4th February 2014
Nearly four in 10, or 38%, of British adults are not planning to make any investment towards their retirement over the next 12 months according to research carried out by YouGov for broker TD Direct Investing.
The study found this is in stark contrast to North American and Asian investors who are well attuned to investing in equities for when life begins to slow down, highlighting a disparity in financial forward planning techniques.
A recent Gallup poll found that, in the US, more than half at 53% of respondents plan to rely on investment in stocks and shares to fund retirement, in the form of individual stock investments or a stock mutual fund investments.
This is over three times more than in Britain, where just 15% of those surveyed say they would consider using a stocks and shares Isa for retirement – despite being tax efficient and more likely to generate positive returns compared to savings accounts or cash Isas.
Further afield in Japan, a 2013 survey from Ageon found that a third, at 33% of Japanese retirees bought a self-managed investment product in order to fund their retirement.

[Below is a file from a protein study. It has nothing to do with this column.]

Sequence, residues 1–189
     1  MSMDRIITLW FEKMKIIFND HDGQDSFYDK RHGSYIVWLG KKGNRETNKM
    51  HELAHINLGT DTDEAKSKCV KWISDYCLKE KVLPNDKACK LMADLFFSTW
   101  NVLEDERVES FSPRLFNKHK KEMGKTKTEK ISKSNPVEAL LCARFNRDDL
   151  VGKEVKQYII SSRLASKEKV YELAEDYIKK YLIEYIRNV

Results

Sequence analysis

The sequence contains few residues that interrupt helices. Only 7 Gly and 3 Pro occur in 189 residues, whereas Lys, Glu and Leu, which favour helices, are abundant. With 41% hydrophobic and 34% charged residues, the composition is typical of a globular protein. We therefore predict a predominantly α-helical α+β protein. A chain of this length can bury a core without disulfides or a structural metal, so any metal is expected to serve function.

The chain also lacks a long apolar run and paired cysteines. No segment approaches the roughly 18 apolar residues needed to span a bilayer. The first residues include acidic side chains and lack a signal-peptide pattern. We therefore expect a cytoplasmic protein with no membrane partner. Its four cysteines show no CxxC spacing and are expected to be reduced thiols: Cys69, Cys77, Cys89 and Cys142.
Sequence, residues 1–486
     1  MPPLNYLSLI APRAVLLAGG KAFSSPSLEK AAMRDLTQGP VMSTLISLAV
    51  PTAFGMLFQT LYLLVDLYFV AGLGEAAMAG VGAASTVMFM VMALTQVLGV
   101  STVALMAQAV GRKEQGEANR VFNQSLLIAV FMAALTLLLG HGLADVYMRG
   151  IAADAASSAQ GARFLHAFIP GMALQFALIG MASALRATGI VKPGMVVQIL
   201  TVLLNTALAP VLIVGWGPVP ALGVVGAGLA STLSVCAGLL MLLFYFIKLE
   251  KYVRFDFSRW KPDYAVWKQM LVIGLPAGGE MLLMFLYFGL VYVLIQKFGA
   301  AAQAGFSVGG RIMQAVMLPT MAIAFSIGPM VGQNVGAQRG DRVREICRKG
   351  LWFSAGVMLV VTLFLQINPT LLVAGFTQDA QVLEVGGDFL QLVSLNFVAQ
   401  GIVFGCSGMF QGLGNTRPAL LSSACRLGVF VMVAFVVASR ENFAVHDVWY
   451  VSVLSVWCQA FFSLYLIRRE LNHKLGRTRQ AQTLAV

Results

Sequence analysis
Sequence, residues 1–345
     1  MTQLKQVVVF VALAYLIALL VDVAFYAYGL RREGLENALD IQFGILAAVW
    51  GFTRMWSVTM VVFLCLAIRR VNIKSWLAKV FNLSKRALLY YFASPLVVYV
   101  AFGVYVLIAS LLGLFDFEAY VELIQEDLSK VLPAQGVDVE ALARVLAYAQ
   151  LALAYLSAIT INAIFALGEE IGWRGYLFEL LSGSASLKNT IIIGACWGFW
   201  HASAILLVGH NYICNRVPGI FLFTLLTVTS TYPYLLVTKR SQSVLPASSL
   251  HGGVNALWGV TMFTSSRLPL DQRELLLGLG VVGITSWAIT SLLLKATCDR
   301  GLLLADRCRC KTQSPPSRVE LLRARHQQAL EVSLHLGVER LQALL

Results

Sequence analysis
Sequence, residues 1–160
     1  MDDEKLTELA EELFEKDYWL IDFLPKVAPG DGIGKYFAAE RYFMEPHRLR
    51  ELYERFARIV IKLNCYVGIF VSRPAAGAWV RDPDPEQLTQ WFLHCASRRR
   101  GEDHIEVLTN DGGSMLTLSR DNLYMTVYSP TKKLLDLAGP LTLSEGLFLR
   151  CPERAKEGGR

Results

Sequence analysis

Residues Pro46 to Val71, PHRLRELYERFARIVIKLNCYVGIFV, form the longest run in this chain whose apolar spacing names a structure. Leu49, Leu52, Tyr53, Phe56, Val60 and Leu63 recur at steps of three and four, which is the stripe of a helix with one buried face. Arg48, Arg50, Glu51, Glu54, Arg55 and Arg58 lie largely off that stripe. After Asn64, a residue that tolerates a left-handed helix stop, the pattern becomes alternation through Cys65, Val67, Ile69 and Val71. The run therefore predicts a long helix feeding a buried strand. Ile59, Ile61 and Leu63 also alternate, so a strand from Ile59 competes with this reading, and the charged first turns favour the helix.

Stuart Welch, CEO of TD Direct Investing says: “The research shows that Britain lags behind the Americans and Japanese in planning for old age. It is striking to see such a discrepancy in pension planning, particularly when Britain is experiencing a sustained low interest rate environment with no signs of change in the short to medium term. It begs the question, what’s so unique about the British context that makes us resist the potential of higher returns for a more secure future?
“With wages falling in real terms and Governor Mark Carney advocating ‘low rates for longer’, we are calling on all Britons to consider the investment opportunities now available in the market which might help them avoid being caught out during later life.”
The study found that whilst consumers may consider stocks and shares Isas over cash Isas, as they can help generate some return in a low interest rate environment, some of the challenges people cited was a lack of understanding of and ‘too many providers or products to choose from’.